state.

37
Congressional Continued
  • Ratification of the fourteenth and reaffirmation
    thirteenth amendment.
  • Second Reconstruction Act 23 Mar.
  • 1867
  • Directed o the Military Commanders
  • Launch the necessary proceedings as to the
    registration of voters.
  • Make sure an election was held to elect delegates
    to a constitutional convention.
  • Assemble the convention
  • assure the adoption of the constitution.

38
Three Categories of People in the South
  • The traditional Southern Whites, would always
    hate the North and all their policies.
  • The Ex-slave, who looked to the Republicans as
    their liberators.
  • Scalawags, Southerners who sold out to the North.
  • Carpetbaggers, people from the north, who came
    South to fill the power vacuum.

39
Reconstruction Act 3
  • Reconstruction act 3 was largely a retelling of
    the previous legislation reconstruction acts
    numbers 1 and 2.
  • One new aspect that was not in the other acts
    was the denying of the oath taking on the basis
    that it was insincere.
  • A majority could not be attained for the
    ratification of the constitutions, the process
    stopped.

40
Reconstruction Act 4
  • All that was needed to ratify the new states
    constitutions was a majority of the votes cast.
  • Using that method the Southern states were
    reconstructed under the congressional plan.

41
Reasons for Reconstruction Failure
  • It became to expensive to maintain troops in the
    South.
  • Because of traditions of White rule in the South.
  • Many Carpetbag and Scalawags governments were
    corrupt.
  • Governor Warmath
  • Rise in Middle Class
  • The North grew tried of legislation.

42
Methods of Southern Opposition to Northern
Legislation
  • There were two methods of opposition legal and
    illegal.
  • Legal methods included the following
  • Blacks Codes, laws that applied only to blacks.
  • Literacy Tests, to vote in general elections.

43
Legal Continued
  • Poll Tax, a tax in order to be able to vote in
    any election.
  • Grandfather Clause, if your grandfather had voted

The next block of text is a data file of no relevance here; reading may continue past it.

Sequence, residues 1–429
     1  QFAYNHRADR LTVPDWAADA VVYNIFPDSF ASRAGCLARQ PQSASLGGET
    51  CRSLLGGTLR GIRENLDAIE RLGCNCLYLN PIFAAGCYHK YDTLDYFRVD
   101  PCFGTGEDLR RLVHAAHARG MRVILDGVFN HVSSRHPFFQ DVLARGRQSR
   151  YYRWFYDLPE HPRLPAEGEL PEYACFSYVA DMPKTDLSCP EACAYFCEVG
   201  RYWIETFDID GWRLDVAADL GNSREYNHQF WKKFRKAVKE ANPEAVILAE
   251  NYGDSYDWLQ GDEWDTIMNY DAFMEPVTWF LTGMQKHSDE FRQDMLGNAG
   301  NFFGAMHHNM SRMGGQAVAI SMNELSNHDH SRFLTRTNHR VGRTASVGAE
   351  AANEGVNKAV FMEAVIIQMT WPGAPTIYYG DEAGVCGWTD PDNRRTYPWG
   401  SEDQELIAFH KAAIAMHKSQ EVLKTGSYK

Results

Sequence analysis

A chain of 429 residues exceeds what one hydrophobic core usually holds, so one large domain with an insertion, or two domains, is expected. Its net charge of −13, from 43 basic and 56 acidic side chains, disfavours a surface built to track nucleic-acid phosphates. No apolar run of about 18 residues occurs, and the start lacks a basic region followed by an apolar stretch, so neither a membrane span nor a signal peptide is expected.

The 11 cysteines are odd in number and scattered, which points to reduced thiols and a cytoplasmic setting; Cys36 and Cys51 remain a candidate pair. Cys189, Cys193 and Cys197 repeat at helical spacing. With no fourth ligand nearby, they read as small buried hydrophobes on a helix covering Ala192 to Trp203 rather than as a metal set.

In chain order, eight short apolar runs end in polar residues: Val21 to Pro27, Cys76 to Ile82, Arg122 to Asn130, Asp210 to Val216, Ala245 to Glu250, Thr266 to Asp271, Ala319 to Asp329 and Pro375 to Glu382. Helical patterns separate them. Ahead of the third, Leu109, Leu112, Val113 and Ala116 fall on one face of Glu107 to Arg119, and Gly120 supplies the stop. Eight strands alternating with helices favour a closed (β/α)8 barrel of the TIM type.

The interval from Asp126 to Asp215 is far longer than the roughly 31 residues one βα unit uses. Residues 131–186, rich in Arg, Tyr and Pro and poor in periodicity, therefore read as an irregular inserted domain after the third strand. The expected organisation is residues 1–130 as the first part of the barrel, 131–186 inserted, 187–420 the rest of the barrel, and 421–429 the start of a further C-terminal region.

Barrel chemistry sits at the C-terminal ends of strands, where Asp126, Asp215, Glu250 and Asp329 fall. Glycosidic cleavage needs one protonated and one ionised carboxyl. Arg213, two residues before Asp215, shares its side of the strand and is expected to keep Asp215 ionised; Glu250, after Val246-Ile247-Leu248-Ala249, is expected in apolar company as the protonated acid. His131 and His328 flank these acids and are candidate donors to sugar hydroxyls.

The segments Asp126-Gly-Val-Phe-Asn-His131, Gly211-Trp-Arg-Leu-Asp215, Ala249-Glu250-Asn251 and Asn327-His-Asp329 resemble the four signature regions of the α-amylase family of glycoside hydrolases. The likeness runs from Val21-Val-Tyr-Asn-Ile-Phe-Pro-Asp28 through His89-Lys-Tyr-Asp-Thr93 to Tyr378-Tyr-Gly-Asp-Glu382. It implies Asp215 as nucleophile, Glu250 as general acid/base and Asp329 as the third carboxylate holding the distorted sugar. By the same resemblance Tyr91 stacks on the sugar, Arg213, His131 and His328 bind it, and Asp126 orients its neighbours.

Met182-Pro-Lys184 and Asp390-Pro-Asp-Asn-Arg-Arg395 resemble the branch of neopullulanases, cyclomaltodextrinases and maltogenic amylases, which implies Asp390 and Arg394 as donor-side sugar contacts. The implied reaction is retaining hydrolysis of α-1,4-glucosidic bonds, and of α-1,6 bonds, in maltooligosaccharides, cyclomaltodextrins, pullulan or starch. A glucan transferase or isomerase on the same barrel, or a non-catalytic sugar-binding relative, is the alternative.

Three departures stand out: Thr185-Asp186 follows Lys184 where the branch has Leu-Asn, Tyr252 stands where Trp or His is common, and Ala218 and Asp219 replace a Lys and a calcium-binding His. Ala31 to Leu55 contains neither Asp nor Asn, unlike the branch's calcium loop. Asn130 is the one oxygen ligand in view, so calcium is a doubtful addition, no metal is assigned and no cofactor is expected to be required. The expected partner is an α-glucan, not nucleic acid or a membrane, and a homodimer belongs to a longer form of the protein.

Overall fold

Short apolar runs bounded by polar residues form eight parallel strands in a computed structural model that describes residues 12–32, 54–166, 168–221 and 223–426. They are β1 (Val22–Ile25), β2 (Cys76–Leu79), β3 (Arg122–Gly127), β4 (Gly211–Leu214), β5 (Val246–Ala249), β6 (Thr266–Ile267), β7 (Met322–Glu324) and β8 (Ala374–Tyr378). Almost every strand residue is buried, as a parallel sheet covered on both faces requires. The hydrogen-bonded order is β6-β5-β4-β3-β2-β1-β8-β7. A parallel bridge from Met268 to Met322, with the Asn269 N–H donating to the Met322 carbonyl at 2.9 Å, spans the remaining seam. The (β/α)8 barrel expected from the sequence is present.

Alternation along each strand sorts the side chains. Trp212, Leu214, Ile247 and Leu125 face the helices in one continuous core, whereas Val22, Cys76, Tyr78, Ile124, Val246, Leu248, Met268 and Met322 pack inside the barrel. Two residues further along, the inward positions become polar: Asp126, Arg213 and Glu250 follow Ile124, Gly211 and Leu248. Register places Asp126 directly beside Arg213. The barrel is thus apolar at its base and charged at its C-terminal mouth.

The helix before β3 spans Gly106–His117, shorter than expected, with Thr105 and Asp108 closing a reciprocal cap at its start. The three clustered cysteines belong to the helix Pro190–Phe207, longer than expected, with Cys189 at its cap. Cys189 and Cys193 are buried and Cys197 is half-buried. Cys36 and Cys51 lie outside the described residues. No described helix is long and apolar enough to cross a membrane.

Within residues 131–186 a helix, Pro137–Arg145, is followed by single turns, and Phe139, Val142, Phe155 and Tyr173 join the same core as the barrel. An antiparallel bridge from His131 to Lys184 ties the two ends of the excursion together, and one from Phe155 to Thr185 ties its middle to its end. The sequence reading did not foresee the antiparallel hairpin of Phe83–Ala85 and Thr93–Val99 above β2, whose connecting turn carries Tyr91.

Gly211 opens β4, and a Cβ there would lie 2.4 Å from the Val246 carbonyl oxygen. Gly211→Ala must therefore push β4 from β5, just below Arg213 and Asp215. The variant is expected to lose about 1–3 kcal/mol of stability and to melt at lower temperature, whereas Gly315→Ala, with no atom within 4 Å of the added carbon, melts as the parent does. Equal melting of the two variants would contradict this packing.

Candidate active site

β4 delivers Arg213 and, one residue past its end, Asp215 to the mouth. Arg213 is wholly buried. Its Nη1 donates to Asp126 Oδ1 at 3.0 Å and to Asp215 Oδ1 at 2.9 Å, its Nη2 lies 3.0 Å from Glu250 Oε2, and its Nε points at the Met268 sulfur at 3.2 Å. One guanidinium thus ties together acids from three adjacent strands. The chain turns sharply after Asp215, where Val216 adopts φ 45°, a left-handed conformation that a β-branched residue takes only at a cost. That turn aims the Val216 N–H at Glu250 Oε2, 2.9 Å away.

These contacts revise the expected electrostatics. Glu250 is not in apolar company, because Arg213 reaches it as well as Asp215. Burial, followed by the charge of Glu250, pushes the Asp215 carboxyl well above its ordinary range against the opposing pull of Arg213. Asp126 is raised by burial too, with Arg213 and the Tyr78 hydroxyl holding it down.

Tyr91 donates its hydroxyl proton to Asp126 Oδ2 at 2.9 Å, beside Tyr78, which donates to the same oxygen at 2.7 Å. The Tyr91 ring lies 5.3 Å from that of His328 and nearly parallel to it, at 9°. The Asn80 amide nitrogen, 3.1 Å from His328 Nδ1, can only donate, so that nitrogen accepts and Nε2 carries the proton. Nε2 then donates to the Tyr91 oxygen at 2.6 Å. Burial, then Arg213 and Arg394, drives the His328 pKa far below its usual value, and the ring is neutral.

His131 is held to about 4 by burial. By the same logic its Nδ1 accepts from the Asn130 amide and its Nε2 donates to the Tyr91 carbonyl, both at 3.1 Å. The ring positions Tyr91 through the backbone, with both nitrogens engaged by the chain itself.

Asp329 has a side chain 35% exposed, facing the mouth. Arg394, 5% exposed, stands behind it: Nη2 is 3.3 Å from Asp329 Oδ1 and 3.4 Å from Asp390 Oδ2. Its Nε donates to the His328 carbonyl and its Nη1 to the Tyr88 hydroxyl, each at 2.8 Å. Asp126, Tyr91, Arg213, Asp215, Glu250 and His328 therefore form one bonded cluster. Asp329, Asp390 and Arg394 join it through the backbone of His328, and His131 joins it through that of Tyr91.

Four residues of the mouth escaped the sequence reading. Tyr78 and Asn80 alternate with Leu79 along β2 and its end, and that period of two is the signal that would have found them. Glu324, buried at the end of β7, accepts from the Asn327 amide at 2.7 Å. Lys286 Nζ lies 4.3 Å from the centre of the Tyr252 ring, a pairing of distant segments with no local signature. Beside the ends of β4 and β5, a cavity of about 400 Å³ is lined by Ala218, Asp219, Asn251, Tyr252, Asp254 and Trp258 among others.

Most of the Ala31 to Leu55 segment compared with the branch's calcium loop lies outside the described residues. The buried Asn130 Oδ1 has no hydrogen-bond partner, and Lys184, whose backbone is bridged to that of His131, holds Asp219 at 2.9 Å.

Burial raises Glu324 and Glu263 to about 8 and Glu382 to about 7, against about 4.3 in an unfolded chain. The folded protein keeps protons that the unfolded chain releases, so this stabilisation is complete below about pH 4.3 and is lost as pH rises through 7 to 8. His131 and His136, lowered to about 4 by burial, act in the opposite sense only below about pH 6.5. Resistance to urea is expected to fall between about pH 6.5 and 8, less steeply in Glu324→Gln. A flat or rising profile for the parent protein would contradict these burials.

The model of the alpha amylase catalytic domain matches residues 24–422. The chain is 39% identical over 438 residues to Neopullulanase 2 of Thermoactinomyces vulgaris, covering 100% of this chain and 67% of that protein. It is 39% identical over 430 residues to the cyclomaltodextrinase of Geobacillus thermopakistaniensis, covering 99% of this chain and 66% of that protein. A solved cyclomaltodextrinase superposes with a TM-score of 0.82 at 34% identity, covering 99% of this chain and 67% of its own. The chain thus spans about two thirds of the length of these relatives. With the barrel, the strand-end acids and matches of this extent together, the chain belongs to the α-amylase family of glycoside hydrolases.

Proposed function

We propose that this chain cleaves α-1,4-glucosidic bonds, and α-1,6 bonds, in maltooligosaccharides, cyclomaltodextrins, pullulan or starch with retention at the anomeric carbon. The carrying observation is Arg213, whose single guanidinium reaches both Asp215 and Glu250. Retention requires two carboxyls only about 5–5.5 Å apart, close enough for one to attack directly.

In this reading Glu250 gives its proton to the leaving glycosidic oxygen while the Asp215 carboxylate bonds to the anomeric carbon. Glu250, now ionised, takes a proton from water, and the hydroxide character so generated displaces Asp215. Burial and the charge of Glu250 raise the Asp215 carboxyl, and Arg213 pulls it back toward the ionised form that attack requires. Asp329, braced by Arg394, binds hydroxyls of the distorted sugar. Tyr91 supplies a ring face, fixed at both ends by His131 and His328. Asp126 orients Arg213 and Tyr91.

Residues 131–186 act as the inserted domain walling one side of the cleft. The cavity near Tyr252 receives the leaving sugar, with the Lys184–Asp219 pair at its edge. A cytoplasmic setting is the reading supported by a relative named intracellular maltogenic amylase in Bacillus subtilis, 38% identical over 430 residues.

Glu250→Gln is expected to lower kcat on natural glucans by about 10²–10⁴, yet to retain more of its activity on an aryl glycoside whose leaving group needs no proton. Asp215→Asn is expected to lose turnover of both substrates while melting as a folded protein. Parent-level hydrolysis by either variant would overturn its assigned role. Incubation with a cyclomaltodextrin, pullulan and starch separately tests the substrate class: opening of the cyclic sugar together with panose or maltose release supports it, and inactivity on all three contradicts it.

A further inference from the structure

in an election prior to 1860 then you could vote.

44
Illegal Methods
  • Klu Klux Klan(KKK) born in Polaski, Tenn. In 1866
  • Knights of the White Camellia
  • Mississippi Rifle Clubs

45
Congressional Response
  • Force Act 1870 and KKK Act 1871
  • Gave the President the right to supervise
    elections.
  • Gave the President the right to suspend the writ
    of Habeas Corpus.
  • Gave the President the right to employ the use of
    the military against these illegal organizations.

46
Legacy of Reconstruction
  • There were beneficial and Harmful results of
    reconstruction the harmful results were
    Provided for the South a less intelligent
    leadership.
  • The racial issue/prejudice was increased.
  • South became unnecessarily economy minded.

47
Results Continued
  • The South was fastened with a one party
    government (Democratic Party)
  • Hatred between the North and the South increased.
  • Beneficial Result
  • A more equitable redistribution of property.

48
Solid South trampling U. S. Constitution
49
(No Transcript)
50
Chapter 15
  • Part C

51
Election of 1868
  • The period of history between 1868 and 1900 is
    sometimes referred to as the
  • The Gilded Age
  • The Age of the Robber Barons
  • The Age of Corruption

52
Election of 1868
  • Republican Candidates for President U. S.
    Grant, for vice-president Schuyler Colfax.
  • Democratic Candidates for President Horatio
    Seymour, for Vice-president Francis P. Blair.

53
Election Continued
  • Republican Platform
  • Endorsed radical republican reconstruction.
  • Condemned Johnson and the Democrats.
  • Endorsed payment of the national debt in gold.
  • They were anti-slavery.

54
Election Continued
  • Democratic Platform
  • Condemned radical reconstruction.
  • Endorsed the Ohio Idea, of paying the national
    debt in greenbacks.
  • Campaign of 1868 Republican used a tactic
    called waving the bloody shirt, against the
    democrats. Its means recalling the Civil War.

55
Results of Election
  • Grant won the election 214 electoral votes to
    Seymours 80 votes.
  • Short biography of U. S. Grant
  • Ulysses Simpson Grant was born in Point Pleasant
    Ohio on 27 Apr. 1822. He died in Mt. Mcgregor,
    near Saratoga N.Y. on 23 Jul. 1885.
  • He was the 18th. President of the United States.
    He graduated from West Point 1843.

56
Ulysses S. Grant 18th President of United States
57
Administration of Grant